Analysis of the 2011 data suggests that these poll-guided abstainers are as likely to be found among the ranks of National’s voters as they are among Labour’s. That would certainly explain John Key’s playing-down of the Colmar Brunton/Reid Research figures; his anxious reiteration of the likely closeness of this year’s electoral contest; and his repeated appeals to all Centre-Right voters to get up off the couch, make their way to the nearest polling-booth – and vote.
SINCE LOSING POWER IN 2008, the Labour Opposition has had no shortage of self-appointed critics and advisers. Those who have come at this task from the Left have never wavered from the view that if Labour abandoned neoliberalism and reoriented itself towards the democratic socialist principles of its constitution, then a majority of voters would get in behind the resulting left-wing manifesto.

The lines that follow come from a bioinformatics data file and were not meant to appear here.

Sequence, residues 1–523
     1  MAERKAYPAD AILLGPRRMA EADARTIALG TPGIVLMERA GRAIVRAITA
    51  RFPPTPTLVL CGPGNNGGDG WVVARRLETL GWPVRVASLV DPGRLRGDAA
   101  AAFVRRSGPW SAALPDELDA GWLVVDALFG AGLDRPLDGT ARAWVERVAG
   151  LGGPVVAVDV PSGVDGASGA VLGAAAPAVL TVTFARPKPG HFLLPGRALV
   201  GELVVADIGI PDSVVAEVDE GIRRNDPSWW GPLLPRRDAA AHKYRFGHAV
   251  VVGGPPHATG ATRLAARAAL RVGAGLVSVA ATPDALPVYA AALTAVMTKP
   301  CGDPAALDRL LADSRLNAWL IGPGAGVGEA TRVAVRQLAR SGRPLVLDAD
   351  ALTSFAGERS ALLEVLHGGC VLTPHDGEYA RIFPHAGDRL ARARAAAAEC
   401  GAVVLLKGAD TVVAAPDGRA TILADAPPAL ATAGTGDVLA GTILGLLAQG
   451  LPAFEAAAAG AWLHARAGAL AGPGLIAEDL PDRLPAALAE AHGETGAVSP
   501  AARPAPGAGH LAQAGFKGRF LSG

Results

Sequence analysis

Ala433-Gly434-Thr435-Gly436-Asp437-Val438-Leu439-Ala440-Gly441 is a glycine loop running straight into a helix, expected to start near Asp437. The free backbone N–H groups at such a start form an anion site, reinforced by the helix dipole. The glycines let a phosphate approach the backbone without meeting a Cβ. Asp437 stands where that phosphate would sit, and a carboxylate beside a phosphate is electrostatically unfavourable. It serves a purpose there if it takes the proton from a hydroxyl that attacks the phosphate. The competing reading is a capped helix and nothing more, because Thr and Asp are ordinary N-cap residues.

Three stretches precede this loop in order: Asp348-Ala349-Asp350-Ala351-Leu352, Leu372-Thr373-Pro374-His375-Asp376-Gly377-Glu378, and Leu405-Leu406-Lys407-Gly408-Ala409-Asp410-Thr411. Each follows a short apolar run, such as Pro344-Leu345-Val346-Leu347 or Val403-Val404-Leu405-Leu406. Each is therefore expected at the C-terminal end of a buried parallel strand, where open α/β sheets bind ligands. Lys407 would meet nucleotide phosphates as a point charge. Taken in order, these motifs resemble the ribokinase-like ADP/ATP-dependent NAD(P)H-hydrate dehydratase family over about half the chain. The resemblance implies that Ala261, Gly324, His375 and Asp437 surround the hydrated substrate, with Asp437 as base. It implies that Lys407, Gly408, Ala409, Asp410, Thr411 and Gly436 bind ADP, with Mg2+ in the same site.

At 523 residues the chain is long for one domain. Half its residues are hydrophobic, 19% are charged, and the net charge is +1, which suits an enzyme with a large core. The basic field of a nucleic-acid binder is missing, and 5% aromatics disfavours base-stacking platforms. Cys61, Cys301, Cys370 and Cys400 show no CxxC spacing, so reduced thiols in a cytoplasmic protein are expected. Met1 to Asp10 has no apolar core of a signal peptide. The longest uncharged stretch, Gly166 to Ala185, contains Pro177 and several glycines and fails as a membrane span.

Moreover, so disruptive of “politics-as-usual” would such a manifesto be that even the perennially inert 15 percent of voters would be jolted out of their political apathy and the Centre-Left Vote would surge beyond the Right’s capacity to restrain it. Combined with the left-leaning abstainers of 2011, the numbers available to Labour and its allies would, potentially, be huge. With only slight exaggeration, the left-wing advocates of this “jump to the left” strategy talked about mobilising the “Missing Million” New Zealanders who did not vote.